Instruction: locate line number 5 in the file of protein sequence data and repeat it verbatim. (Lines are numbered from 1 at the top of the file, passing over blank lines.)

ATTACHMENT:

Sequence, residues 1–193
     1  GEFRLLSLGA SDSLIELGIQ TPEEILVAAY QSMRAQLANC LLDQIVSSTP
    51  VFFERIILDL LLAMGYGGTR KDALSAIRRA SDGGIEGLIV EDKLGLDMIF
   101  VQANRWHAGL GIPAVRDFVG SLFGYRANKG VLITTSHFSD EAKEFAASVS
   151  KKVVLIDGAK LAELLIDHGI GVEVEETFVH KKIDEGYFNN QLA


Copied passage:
   151  KKVVLIDGAK LAELLIDHGI GVEVEETFVH KKIDEGYFNN QLA